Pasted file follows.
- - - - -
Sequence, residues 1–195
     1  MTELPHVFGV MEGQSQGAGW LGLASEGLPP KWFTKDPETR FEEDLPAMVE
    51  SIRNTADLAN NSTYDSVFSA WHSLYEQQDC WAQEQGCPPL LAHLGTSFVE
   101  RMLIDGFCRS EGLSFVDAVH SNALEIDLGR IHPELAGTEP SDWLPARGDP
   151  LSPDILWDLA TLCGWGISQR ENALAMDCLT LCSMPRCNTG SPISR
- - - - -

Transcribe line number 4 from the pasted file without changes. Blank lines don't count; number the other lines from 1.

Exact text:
   101  RMLIDGFCRS EGLSFVDAVH SNALEIDLGR IHPELAGTEP SDWLPARGDP